In the summer of 2013, Curtis Hargrove walked from his home in Cold Lake to Edmonton. He made the nearly 300-kilometre journey in ruby-red high heels.
“When I started, they were four-inch heels but by the time I was done, they were about two inches,” Hargrove says. The less-than-ideal walking shoes gave Hargrove blisters and cut into his heels during the nine-day journey, but it was all for a good cause: raising money and awareness for YWCA WALK A MILE IN HER SHOES®. And it worked. Hargrove made headlines around the province, raising more than $7,400 — the highest one-time amount ever raised by an individual — for YWCA Edmonton’s programs to help women and families fleeing domestic violence.
This year, Hargrove will strap on those worn, well-loved heels once again to take part in the 10th anniversary YWCA WALK A MILE IN HER SHOES®, taking place Sept. 11 at the Federal Building plaza near the Legislature.
The basic idea behind Walk a Mile is simple, explains YWCA Edmonton CEO Leslie Allen: “We walk in uncomfortable shoes to show empathy for women and families forced to live with much worse.”
Everyone is welcome to join in the walk and while the YWCA will have more than 600 pairs of high heels on hand, they are by no means mandatory. “Whoever would like to take part is welcome and can wear whatever shoes they like,” says Allen.
Funds raised by the walkers will go towards providing affordable counselling for families who need it, support for women and children in crisis shelters, and violence prevention and recovery programs, like GirlSpace® and Lakeside Haven. Eighty per cent of YWCA Counselling Services clients report positive changes in their lives after receiving services.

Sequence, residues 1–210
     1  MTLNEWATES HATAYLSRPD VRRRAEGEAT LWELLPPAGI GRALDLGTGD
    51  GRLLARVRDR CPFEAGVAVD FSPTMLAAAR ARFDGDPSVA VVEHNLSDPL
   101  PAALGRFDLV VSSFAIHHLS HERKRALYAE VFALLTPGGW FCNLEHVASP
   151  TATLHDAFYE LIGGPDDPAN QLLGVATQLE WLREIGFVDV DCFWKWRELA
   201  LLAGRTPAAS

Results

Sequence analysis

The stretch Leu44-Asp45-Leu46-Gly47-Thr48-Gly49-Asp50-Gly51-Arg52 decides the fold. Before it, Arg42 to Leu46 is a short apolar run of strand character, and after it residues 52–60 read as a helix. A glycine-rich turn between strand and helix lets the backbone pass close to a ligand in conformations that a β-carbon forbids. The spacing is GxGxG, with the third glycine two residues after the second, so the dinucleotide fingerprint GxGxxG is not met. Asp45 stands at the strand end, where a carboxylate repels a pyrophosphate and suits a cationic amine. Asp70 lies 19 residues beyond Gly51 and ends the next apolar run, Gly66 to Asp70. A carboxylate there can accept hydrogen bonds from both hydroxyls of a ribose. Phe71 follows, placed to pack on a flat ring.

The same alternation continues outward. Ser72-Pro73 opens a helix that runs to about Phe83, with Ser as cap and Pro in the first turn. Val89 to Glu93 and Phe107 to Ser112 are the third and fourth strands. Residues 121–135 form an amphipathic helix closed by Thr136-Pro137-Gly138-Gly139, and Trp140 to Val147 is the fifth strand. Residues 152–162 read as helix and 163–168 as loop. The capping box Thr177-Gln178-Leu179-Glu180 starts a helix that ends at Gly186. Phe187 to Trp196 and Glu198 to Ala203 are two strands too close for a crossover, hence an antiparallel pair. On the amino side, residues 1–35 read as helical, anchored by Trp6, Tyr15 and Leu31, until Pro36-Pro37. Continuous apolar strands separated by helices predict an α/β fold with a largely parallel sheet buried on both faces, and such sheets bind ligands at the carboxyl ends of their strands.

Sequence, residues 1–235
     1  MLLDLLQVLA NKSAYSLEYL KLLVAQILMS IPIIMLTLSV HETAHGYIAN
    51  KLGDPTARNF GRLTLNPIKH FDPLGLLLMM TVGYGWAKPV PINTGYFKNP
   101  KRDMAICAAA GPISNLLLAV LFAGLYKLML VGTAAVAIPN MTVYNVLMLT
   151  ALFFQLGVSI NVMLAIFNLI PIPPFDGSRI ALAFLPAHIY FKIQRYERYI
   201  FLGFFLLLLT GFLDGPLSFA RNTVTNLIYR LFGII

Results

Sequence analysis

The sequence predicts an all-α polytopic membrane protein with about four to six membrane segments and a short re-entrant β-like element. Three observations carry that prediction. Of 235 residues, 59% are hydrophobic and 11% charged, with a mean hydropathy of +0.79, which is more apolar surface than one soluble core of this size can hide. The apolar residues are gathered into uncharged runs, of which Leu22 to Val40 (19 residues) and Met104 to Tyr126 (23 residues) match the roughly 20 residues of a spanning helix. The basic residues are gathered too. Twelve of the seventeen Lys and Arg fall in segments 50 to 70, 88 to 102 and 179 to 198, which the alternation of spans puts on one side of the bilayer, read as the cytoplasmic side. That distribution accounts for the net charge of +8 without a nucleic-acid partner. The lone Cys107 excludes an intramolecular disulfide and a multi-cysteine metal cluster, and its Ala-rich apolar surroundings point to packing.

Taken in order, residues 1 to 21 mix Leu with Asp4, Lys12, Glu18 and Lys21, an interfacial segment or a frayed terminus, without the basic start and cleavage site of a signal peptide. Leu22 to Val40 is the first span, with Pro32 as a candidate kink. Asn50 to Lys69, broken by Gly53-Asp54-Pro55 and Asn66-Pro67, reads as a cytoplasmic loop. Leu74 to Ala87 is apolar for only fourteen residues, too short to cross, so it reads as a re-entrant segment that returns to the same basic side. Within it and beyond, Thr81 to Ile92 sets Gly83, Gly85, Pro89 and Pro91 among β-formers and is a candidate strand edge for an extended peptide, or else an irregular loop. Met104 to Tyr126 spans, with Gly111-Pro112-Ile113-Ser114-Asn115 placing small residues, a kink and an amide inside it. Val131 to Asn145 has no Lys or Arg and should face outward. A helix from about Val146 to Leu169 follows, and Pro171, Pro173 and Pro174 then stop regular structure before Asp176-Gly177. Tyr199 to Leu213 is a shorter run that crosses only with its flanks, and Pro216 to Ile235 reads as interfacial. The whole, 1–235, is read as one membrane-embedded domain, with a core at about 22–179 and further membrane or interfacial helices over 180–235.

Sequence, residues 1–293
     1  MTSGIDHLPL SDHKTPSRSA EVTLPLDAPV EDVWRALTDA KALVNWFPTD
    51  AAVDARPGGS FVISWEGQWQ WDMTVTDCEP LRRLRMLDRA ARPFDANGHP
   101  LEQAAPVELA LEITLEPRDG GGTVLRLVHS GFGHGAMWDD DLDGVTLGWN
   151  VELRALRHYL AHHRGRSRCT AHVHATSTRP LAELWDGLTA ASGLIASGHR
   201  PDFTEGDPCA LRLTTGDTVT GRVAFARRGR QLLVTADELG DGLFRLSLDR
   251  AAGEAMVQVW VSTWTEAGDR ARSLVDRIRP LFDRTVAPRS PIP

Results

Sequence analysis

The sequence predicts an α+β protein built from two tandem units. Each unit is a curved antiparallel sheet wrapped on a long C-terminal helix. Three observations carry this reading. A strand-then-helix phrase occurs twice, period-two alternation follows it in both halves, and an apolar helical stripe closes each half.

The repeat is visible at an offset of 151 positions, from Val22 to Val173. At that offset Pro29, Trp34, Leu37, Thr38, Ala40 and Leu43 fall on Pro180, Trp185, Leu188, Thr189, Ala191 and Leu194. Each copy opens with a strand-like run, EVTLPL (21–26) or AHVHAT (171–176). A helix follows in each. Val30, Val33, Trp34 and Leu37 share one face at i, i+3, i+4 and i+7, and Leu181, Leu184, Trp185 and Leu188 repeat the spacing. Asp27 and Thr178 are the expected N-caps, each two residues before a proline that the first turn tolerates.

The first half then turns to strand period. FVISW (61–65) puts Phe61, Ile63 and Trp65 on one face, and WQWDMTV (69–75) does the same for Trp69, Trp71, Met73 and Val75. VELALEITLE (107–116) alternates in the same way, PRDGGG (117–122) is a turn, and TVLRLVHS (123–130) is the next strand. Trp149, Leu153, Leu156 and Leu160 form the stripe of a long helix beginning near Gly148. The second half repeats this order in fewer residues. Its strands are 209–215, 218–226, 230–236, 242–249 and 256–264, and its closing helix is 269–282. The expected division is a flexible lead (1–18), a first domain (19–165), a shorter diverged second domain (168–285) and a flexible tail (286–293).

“At this type of event, you see how much people really want to support women and families,” says Hargrove, who will be marching alongside other top Walk a Mile fundraisers. “When everyone comes together, you see what community really means.”
It’s that community spirit that the YWCA wants to highlight at this year’s Walk a Mile, especially considering how far the event has come over the last decade.
“The year we started, we had 160 people register for Walk a Mile; last year, we had 475,” says Allen, “Every year it’s grown, and we’ve raised more than $1 million for our programs along the way.” To make the festivities extra special, this year’s Walk a Mile will feature a live band and an after party at The Station on Jasper.
While the atmosphere at Walk a MIle will be one of celebration, those
walking will not lose sight of the event’s goal—keeping women and families
“Everyone deserves to be safe in their home,” says Allen. “We need
everyone’s help to make that happen.”
To learn more about Walk a Mile,
donate, or register as a fundraiser, visit walkamileedmonton.com.
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